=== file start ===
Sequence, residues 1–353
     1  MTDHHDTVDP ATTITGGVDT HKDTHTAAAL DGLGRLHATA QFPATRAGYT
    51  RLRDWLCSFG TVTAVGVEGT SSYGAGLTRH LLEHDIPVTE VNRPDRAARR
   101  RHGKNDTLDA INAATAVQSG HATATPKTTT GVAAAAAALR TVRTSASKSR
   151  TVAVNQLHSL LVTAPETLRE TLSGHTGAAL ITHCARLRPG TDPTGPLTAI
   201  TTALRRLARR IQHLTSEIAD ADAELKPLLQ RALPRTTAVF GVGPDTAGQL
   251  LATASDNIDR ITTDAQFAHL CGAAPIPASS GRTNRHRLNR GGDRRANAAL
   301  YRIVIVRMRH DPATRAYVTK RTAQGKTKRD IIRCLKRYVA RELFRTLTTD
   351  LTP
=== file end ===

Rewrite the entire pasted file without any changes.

Sequence, residues 1–353
     1  MTDHHDTVDP ATTITGGVDT HKDTHTAAAL DGLGRLHATA QFPATRAGYT
    51  RLRDWLCSFG TVTAVGVEGT SSYGAGLTRH LLEHDIPVTE VNRPDRAARR
   101  RHGKNDTLDA INAATAVQSG HATATPKTTT GVAAAAAALR TVRTSASKSR
   151  TVAVNQLHSL LVTAPETLRE TLSGHTGAAL ITHCARLRPG TDPTGPLTAI
   201  TTALRRLARR IQHLTSEIAD ADAELKPLLQ RALPRTTAVF GVGPDTAGQL
   251  LATASDNIDR ITTDAQFAHL CGAAPIPASS GRTNRHRLNR GGDRRANAAL
   301  YRIVIVRMRH DPATRAYVTK RTAQGKTKRD IIRCLKRYVA RELFRTLTTD
   351  LTP